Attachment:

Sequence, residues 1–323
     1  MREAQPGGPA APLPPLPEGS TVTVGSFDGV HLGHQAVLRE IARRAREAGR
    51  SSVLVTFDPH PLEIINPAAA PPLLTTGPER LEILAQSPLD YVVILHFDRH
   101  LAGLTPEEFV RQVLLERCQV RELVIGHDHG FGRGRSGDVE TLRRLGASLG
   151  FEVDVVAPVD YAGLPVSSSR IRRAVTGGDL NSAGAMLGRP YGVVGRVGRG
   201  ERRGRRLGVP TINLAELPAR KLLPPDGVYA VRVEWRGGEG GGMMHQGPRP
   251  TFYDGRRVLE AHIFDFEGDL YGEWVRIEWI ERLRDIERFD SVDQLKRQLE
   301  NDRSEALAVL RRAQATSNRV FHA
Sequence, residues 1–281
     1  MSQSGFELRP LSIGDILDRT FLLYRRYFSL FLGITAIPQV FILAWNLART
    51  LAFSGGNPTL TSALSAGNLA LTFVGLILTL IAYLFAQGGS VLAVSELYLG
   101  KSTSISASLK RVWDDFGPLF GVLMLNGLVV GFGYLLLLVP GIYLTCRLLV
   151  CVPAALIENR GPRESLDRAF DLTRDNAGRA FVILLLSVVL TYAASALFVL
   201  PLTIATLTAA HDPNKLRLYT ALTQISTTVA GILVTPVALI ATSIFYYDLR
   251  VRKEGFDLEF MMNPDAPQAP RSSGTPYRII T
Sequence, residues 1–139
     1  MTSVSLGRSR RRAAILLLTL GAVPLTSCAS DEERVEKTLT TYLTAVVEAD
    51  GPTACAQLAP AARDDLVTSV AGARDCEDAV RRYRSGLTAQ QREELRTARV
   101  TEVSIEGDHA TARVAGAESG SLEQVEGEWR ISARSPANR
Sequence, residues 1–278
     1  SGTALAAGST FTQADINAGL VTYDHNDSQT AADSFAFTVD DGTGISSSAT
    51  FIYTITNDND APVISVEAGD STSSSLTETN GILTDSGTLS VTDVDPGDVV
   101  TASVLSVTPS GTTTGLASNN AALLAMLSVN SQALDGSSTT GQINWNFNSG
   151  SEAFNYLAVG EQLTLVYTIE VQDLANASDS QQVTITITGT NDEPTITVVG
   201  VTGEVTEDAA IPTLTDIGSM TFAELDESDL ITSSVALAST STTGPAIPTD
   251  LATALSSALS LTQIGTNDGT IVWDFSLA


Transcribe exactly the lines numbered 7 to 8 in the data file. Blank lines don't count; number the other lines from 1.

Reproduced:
   251  TFYDGRRVLE AHIFDFEGDL YGEWVRIEWI ERLRDIERFD SVDQLKRQLE
   301  NDRSEALAVL RRAQATSNRV FHA